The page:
I had a quadruple bypass 14 years ago. This summer, my son observed that I am in the strongest hiking shape of my life. The surgery slowed me down for a few months, but it has been full speed ahead since then. This year I have done 4 hikes of 50 miles or more including the Inca Trail, England's Coast2Coast, Grand Canyon Rim2Rim2Rim, and the Wonderland Trail. At age 74, I am still a strong hiker.

    That being said, it is really important for your friend to make changes in his life-style. I know that everyone is different, but the issue for me was body weight. At age 22, I left the military in top shape. Then, I gained one pound a year for 40 years. One pound isn't that much but over time it builds up. I have now lost 30 lbs, increased my exercise and watch what I eat more carefully. I am keeping my LDL level below 75 and my HDL above 50. Those are important issues for one who has needed a bypass.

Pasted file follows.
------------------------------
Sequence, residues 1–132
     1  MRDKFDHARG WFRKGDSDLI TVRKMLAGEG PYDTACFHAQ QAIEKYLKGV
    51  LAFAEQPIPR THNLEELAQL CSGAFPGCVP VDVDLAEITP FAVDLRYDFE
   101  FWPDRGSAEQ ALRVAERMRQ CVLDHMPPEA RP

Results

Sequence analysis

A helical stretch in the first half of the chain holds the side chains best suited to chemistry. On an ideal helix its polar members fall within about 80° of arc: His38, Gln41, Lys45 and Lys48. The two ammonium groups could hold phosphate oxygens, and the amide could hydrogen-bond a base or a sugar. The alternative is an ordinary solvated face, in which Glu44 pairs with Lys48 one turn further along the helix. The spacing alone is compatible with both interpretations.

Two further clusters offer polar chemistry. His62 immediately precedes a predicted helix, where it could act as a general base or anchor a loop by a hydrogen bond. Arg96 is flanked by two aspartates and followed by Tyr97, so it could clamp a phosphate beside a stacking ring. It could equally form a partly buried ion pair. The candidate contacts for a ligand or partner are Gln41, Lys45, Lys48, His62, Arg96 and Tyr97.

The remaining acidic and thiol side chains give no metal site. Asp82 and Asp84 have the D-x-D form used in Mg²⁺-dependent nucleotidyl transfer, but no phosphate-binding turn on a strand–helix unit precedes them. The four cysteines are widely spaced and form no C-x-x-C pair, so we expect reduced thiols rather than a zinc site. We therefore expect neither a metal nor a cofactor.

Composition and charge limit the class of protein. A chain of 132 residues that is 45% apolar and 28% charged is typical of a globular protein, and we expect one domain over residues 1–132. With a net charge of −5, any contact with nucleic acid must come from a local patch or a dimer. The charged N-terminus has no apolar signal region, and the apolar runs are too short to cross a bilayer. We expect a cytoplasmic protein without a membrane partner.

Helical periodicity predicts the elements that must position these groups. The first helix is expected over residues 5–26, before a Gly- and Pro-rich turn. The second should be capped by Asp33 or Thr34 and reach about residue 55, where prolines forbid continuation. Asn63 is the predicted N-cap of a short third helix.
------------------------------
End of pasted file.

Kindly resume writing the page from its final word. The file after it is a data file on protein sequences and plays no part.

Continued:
Shutterbug

  10. #10
    Registered User Debbie's Avatar
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    While I did not have bypass surgery, I did have surgery March 20 of 2017 to replace a ruptured mitral valve. Since then (medically cleared) I have taken two section hikes, successfully, and am about to go on a third to finish my last 50 miles to complete a section hike of the AT. Yes, it was scary at first, especially since I also have an anxiety disorder. I am intimately acquainted with fear and endless "what ifs?". I'm not touting medication as a cure-all, but the anti-anxiety meds certainly gave me more confidence. I also had a shuttler who knew what I had gone through that I kept in touch with. Taking a trusted partner with you can also be a comfort. Just knowing that he has safety nets may give your friend the confidence he needs to get out there.
    "Sea Eagle"

  11. #11
    Registered User Debbie's Avatar